Ukraine’s morale is a “huge” boost in the war with Russia, NATO military leaders say

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Morale among the soldiers Ukraine takes center stage as the war persists for a third month with NATO military leaders on Thursday saying this factor gives Ukraine an edge Russia is missing.

“There are many lessons to be learned from the war in Ukraine. Above all, it has once again demonstrated the importance of morale, knowing what you are fighting for,” chairman of the NATO Military Committee, Adm. Robert Bauer told reporters.

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Supreme Allied Commander Europe, General Tod Wolters, left, NATO Military Committee Chairman Admiral Rob Bauer, center, and Supreme Allied Commander for Transformation, General Philippe Lavigne hold a press conference after that NATO's highest military authority, the military committee, met in person at NATO headquarters in Brussels on Thursday 19 May 2022.

Supreme Allied Commander Europe, General Tod Wolters, left, NATO Military Committee Chairman Admiral Rob Bauer, center, and Supreme Allied Commander for Transformation, General Philippe Lavigne hold a press conference after that NATO’s highest military authority, the military committee, met in person at NATO headquarters in Brussels on Thursday 19 May 2022.
(Photo AP / Olivier Matthys)

Bauer said NATO’s main concern at the moment is to ensure that Ukraine is able to defend its sovereignty and independence against Russia.

Three months of fighting led to the displacement of nearly 13 million Ukrainians who fled their homes within the war-torn country and into neighboring nations.

Thousands of soldiers and civilians were killed during the Russian invasion and Moscow has pledged not to stop until it gains “full control” over eastern and southern Ukraine, although Ukrainian officials have warned that the Kremlin is likely to make a move. another attempt to take Kiev.

US defense officials reported that although Russia’s progress is slow, it is making “incremental gains” in the eastern Donbas and around the Black Sea.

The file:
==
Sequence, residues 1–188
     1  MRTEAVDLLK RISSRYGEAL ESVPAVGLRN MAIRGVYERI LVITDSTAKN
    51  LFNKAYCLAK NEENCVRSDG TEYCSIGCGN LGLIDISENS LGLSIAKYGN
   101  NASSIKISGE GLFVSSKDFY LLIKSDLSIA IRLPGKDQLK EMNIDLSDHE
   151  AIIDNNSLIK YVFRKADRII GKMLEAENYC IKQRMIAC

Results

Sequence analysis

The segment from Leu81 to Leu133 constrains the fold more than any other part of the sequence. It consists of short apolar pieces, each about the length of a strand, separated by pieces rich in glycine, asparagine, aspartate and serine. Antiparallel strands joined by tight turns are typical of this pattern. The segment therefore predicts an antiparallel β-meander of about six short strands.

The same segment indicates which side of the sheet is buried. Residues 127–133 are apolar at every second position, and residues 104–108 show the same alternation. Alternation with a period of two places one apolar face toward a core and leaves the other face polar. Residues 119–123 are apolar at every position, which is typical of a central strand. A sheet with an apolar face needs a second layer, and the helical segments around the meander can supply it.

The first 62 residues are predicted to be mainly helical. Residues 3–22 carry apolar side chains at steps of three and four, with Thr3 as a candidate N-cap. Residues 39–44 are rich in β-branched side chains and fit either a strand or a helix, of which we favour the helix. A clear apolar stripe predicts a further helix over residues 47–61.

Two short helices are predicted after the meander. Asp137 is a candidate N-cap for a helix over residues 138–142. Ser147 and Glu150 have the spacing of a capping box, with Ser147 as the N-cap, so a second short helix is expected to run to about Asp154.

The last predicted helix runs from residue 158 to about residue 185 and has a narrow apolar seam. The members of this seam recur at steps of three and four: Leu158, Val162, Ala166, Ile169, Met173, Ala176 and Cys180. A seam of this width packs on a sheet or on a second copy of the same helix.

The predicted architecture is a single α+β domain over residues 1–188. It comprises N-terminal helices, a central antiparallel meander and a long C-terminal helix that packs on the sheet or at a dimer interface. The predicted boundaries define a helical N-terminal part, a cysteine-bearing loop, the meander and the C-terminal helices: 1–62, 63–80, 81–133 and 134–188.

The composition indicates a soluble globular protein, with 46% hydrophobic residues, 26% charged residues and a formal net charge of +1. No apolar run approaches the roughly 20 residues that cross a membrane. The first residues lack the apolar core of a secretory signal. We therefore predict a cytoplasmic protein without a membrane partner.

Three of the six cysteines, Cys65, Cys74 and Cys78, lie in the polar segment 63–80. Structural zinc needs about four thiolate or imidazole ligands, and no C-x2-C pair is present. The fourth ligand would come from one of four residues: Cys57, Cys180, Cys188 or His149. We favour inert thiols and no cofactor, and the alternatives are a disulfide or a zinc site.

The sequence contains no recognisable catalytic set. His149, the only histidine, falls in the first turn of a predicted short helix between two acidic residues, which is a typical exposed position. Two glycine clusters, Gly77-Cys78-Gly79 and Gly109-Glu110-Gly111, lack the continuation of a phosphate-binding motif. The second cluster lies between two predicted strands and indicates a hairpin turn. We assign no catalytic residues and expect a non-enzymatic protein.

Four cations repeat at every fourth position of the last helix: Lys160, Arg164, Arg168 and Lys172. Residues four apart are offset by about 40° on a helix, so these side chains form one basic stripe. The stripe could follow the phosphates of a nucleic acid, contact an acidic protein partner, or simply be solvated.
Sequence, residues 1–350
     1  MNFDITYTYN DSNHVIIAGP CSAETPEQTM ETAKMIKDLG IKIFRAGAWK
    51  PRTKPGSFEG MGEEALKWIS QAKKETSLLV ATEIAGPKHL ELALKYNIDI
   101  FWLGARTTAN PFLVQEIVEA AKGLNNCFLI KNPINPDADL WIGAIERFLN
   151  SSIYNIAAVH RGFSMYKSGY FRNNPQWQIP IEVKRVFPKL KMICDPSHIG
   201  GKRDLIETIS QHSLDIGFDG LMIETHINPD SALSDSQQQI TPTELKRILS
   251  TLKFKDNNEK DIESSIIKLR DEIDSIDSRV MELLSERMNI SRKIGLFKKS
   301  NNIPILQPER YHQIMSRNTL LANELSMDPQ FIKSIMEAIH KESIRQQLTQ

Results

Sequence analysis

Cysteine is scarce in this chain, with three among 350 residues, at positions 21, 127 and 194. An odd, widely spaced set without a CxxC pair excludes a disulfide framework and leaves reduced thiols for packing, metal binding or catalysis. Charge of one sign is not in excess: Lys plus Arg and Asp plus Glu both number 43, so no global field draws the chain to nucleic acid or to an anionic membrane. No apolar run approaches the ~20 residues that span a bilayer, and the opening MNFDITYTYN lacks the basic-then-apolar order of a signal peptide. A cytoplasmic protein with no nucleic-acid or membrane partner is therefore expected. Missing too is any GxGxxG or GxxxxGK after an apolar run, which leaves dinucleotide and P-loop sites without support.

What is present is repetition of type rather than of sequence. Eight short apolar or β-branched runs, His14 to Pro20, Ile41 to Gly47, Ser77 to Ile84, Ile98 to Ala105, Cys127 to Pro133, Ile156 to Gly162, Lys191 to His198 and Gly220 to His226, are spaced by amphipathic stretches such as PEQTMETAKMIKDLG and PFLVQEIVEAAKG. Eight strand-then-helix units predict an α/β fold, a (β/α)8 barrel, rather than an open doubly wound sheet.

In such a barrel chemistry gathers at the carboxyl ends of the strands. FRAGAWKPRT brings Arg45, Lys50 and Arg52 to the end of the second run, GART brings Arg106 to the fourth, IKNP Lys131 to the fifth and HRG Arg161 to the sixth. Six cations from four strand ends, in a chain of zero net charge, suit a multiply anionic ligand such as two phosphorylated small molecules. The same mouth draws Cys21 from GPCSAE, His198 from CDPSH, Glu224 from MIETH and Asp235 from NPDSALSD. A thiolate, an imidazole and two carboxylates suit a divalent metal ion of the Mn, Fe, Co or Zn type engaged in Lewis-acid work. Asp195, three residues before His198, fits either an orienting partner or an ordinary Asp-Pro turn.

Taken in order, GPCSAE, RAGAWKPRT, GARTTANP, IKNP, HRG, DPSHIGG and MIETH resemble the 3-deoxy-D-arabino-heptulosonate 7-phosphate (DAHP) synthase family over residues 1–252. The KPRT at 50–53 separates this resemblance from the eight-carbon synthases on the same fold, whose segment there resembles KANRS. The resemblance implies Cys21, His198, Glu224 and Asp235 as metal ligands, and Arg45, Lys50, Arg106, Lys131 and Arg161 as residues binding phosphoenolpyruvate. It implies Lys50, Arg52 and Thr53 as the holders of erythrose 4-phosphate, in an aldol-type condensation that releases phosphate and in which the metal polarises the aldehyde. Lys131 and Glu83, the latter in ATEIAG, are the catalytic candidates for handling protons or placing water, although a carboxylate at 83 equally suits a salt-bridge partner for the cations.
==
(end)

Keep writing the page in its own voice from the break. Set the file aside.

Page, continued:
NATO officials said Ukrainians “will never accept Russian occupation” and promised to continue supporting Kiev “for as long as necessary”.

But despite Russia’s continued aggression and related gains, NATO military leaders said Ukrainian morale was a “huge” boost to its war effort.

“It’s not just about skills, technology, weapons, it’s about people’s willingness to fight for their nation,” Bauer said, noting that Ukrainians of all ages have taken up arms against the invasion of Russian forces.

In this photo taken on April 13, 2022, a Russian soldier stands guard at the Luhansk power plant in the city of Shchastya.
(ALEXANDER NEMENOV / AFP via Getty Images)

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“What it also shows is the enormous morale that Ukrainian forces have and the importance of morale,” he continued. “Russian soldiers, a lot of them probably don’t even understand why they’re there. And that’s a huge difference when it comes to the success of the army.”

The leaders of the NATO Military Committee not only renewed their support for Ukraine, but also announced a new military strategy for the alliance.

Military officials were clear on the details, but said the new strategy would be all-encompassing in every operational sphere, including land, sea, air, space and cyber.

The heads of the military committee supported the prospect of adding Finland and Sweden to the alliance and said the move would help NATO strengthen its defenses by identifying additional “seams” and “vulnerabilities” that Russia could target.

A Ukrainian soldier is aboard an armored combat vehicle in eastern Ukraine on Tuesday.

A Ukrainian soldier is aboard an armored combat vehicle in eastern Ukraine on Tuesday.
(Press Service of the Ukrainian Ground Forces / Handout via REUTERS)

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The military president of NATO said that Russia’s aggression is not only a threat to Ukraine, but also to the European continent and to the billion citizens united under NATO.

“President Putin’s war in Ukraine has presented us with a new strategic reality,” Bauer said. “We must always be ready to expect the unexpected.”

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